Hi BFN family,
I know… it’s been a while.
Hi! Hello! Hi!
Some of you have been hanging out with the muses at 3musesmerge where Cal, Tal, Nia, and Typist show up with their almost daily banter. Two newsletters is more than I can keep up with!
I’m really glad that I have not discarded Born Free Newsletter in one of my cleaning frenzies! There’s something I’m called to write and share today that doesn’t fit the mood I imagine and create on 3mm.
My observation is not light and airy… It’s kind of dark and kind of scary. 😧
A few days ago I came across a quote by Mary Oliver that resonated:
To pay attention, this is our endless and proper work.
I do pay attention to many things outside of myself, but have a sense that paying attention to my thoughts and what’s inside of myself is where my real power lies.
Have you ever thought about that?
Anyhow… yesterday’s experience relates to BIG C, Little c, no c. As the music is fading for my dance with cancer, I plucked up the courage to login to our medical insurance site. Since February I’ve been in and out of the cancer clinic, imaging machines, and the hospital. I’m well aware that my treatment comes with a monetary cost and yet, my mailbox has been almost devoid of bills. 🤷🏻♀️
For seven months, I’ve managed to completely ignore the missing fees-for-service...
Until yesterday’s curiosity got the better of me.
When I looked at the claims and payment pages documenting transactions between caregivers and our insurance company, I first felt small and humbled. What rolled in next surprised me…
I felt shame.
I had the thought… You are not worth that much money!
Hundreds of thousands of dollars!
Spent to save me?
I don’t think I’d think such things about somebody else.
Those of you who’ve read my posts over the years are aware that I’ve long been a work-in-progress with my thoughts around money and spending. Even though I’ve learned that money and value are not the same thing (money being a story humans made up to represent value) I’m still wrestling with a belief that money is king? 🤦🏻♀️
Or, am I wrestling with belief in my own value?
What is a human life worth?
To other humans?
To God/Universe/Higher Power?
I have received many, many #cancergifts since my diagnosis on 2/11/22.
I count the experience I just shared, and my self-directed questions, among them.
I recently searched and found an answer for What does it mean to be holy?
Today (World Gratitude Day), I’m grateful for the imperfect systems of healthcare and insurance that have preserved my life.
I’m grateful for my husband and his employer who make it possible for us to have insurance.
I am grateful that I can continue to unite my internal and external ways of thinking, being, and doing.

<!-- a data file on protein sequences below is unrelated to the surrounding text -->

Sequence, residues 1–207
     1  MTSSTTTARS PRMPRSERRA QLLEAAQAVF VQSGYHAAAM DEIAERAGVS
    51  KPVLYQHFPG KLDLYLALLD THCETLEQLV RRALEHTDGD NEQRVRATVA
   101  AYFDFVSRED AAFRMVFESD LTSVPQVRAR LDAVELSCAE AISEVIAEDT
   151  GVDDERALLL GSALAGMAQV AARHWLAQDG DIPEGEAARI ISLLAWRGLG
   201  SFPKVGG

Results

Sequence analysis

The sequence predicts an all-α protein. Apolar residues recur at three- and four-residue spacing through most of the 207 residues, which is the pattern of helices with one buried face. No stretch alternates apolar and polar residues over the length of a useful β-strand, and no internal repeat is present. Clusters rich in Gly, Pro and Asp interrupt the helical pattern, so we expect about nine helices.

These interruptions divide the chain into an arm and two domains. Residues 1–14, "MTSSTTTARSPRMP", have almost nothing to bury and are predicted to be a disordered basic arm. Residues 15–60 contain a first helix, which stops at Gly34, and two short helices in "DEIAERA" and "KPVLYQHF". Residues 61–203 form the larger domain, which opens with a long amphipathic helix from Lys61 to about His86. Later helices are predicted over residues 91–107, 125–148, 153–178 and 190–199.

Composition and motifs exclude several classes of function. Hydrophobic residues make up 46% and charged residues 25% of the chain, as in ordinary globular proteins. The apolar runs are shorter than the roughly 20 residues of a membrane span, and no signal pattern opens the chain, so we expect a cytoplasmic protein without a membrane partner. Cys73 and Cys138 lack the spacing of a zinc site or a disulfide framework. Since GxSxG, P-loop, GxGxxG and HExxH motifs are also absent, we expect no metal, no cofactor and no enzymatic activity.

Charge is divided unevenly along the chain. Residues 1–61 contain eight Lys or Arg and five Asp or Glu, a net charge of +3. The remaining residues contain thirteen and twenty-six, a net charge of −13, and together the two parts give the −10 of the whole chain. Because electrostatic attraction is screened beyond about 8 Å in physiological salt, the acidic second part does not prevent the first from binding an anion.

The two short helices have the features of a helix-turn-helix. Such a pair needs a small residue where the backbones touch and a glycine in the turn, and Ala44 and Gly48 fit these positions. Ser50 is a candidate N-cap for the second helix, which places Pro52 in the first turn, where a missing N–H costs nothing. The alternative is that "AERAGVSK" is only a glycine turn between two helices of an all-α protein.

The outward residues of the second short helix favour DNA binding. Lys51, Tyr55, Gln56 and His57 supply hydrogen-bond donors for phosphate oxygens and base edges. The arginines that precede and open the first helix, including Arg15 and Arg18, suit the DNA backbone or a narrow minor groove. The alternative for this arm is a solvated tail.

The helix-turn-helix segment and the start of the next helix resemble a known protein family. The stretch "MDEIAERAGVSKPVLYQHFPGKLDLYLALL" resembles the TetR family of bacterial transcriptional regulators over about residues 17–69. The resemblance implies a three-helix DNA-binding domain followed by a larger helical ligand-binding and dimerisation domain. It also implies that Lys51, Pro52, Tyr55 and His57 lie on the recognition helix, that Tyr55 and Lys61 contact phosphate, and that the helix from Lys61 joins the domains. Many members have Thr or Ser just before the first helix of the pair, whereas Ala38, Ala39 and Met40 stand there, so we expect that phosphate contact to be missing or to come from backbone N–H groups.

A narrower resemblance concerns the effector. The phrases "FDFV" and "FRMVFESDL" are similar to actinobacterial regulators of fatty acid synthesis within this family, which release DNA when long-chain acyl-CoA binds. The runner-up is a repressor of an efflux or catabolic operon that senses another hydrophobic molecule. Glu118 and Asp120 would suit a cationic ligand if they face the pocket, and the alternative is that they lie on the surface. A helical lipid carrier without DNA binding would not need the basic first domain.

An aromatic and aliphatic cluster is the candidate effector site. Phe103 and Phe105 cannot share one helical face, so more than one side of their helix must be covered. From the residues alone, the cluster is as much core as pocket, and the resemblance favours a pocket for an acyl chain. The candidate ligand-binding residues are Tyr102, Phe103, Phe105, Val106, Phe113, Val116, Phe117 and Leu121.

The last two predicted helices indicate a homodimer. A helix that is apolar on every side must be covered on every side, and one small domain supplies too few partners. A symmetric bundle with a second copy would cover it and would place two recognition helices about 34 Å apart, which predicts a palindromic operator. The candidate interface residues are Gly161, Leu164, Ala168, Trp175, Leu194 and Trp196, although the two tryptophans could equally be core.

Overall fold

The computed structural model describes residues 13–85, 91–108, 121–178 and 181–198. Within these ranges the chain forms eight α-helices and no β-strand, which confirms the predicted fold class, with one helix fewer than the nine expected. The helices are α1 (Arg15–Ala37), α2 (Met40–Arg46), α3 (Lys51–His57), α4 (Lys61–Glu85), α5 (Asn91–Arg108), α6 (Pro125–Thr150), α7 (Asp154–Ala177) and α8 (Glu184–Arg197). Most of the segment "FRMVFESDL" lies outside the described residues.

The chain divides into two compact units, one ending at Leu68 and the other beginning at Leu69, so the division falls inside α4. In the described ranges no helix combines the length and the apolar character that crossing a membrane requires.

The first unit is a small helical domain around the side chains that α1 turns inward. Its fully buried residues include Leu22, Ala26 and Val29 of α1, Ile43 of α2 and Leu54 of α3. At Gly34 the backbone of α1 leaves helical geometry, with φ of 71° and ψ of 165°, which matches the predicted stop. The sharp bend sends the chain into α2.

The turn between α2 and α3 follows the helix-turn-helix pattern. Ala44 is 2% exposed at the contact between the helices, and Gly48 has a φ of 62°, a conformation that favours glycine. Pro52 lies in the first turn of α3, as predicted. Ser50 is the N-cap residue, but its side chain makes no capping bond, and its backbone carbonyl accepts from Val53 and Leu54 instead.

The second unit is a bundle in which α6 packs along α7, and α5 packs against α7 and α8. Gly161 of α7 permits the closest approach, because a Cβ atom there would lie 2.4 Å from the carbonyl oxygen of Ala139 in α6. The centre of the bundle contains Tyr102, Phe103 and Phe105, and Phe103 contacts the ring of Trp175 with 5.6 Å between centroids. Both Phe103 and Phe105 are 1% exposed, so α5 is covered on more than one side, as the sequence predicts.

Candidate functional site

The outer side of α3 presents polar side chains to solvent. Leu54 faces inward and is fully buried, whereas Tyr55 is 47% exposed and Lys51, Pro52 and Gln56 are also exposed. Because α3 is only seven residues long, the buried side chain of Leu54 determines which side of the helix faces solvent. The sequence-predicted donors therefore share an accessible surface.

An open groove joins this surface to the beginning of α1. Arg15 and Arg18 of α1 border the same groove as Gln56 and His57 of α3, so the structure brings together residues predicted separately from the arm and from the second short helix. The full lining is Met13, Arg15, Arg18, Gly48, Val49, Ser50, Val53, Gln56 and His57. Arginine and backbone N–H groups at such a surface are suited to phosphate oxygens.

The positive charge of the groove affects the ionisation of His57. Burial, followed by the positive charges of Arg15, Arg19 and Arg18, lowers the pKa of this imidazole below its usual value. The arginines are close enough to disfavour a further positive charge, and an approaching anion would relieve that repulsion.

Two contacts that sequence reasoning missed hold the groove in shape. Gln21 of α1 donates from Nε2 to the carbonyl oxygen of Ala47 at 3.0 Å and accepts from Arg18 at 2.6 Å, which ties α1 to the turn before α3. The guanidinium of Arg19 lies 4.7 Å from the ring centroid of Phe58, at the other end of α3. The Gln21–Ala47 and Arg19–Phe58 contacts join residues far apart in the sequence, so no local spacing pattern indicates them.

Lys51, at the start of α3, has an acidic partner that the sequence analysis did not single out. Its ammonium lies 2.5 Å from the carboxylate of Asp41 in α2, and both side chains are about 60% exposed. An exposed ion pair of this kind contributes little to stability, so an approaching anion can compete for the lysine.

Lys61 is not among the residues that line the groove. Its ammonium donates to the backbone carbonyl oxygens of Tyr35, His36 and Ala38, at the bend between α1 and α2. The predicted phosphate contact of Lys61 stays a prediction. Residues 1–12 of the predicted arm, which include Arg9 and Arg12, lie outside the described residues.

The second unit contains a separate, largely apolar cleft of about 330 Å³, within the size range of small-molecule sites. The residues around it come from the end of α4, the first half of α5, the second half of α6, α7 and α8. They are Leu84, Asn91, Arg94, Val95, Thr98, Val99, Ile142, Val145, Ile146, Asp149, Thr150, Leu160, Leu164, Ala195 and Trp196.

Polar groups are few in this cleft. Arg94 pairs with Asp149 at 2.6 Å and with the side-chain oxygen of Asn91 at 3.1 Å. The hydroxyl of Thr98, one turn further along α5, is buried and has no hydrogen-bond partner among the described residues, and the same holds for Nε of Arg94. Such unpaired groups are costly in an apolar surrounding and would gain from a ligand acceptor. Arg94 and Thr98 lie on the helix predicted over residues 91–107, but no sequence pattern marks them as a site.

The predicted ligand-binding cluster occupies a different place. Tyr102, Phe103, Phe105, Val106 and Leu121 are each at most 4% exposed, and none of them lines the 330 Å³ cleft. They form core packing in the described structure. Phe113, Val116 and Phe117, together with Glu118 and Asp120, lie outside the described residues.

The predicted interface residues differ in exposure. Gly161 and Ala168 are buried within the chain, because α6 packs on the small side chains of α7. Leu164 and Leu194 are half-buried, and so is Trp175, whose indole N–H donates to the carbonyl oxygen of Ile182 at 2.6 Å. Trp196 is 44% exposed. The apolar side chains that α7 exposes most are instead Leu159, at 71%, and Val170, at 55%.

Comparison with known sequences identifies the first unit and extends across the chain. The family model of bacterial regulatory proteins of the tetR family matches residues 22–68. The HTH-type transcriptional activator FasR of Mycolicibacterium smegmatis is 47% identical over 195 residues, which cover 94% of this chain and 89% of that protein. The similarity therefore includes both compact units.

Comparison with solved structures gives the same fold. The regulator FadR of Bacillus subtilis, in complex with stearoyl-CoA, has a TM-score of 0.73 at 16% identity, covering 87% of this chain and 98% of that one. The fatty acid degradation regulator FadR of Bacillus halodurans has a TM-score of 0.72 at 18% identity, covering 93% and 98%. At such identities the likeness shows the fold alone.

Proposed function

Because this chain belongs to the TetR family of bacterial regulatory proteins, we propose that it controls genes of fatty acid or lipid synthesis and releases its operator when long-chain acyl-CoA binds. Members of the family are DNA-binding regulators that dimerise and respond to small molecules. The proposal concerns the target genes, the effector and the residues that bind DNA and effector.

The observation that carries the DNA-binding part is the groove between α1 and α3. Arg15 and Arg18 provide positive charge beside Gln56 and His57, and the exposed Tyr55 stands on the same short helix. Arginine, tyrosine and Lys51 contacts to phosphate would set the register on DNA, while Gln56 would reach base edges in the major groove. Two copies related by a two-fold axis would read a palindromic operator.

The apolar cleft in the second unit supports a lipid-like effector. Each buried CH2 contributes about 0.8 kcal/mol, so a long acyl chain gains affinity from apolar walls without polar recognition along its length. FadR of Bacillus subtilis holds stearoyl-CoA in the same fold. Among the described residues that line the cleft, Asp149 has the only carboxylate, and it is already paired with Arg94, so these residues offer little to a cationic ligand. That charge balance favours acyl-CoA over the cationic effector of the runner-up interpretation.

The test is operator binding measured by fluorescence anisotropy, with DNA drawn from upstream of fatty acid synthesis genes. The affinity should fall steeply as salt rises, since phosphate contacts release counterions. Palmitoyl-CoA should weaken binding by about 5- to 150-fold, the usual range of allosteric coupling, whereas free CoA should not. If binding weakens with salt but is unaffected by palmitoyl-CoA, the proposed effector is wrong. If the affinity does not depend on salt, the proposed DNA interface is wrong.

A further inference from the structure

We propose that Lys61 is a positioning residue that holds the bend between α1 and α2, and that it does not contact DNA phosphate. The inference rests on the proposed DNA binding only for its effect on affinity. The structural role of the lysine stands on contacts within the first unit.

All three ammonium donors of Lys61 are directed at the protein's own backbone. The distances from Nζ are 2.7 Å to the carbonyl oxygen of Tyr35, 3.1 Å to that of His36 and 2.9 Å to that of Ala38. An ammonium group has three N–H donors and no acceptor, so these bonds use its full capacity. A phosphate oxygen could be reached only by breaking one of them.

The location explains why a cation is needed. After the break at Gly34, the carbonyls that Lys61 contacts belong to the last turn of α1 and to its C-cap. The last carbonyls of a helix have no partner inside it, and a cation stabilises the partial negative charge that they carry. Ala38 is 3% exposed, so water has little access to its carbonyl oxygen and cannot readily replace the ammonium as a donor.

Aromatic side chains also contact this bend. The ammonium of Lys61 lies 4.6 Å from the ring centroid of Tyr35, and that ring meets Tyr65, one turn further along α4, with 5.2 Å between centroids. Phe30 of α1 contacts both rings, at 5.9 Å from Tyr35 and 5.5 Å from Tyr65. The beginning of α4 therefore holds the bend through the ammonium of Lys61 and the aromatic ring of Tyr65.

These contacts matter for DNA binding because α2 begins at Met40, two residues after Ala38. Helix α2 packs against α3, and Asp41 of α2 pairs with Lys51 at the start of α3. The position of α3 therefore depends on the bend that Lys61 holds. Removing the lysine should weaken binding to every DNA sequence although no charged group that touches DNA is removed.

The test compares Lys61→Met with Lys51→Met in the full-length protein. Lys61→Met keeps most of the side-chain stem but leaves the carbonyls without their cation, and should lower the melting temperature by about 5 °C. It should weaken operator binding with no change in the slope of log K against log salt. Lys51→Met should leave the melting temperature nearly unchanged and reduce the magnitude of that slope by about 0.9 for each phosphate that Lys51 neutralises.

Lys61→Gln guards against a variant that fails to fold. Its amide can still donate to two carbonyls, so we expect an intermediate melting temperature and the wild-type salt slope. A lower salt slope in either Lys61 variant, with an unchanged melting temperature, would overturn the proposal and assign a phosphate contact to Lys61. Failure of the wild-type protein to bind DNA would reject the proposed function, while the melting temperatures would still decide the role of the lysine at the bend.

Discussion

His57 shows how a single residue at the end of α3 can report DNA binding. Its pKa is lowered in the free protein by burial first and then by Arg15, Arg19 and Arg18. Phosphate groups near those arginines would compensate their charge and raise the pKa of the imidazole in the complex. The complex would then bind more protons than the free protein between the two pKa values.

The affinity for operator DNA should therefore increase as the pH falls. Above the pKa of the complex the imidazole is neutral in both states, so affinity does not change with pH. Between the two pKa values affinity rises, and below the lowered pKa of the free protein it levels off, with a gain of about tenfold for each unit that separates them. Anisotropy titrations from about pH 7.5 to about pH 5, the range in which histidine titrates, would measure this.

I am grateful that you listen.
Thank you. 🤗
It's a big question, Gail--"What am I worth in dollars and cents?" Sadly, our insurance system determines that those with coverage are worth much more than those without. I think it's a good thing we aren't asked the unanswerable question--we'd make ourselves sick trying to come up with a number.
First I had to rub my eyes! Is this THE Bornfree Newsletter I grew to love ever so long ago? Then you OPENED my eyes. Not just so I could read today’s new BFN post. Not just around Gratitude Day.
You shared your experience seeing the cost of your care. Know what? That’s strikingly similar to my reaction when I read the final summary of costs for my back surgery! My Medicare insurance plan is big on “in network providers,” which the accessible Mayo Clinic was not.
I chose that route after finding no local providers that had a clue. I was desperate to find someone who could even explain my problem (diagnosis) much less present a treatment option. When both were presented in a 45 minute encounter I signed on for their care. My wife and I were confident we could afford their care. Faith?
With the final bill I learned that because
Mayo had agreed to provide treatment, they had also agreed to measly amounts that Medicare paid for that care. Which was less than one one hundredth of the tabulated cost of care.
Taking a victory lap was never a feeling I entertained. As with you, I felt ashamed. Like if I had known my cost outcome, I would have been too embarrassed to receive treatment. I felt embarrassed to return for follow up care. I felt unworthy. At some level well above my pay grade that must all “come out in the wash.”
Your sharing today of your experience serves as an invitation to revisit my reactions. To reframe through the lens of gratitude.
As always, ever grateful. When the student is ready, the teacher will appear.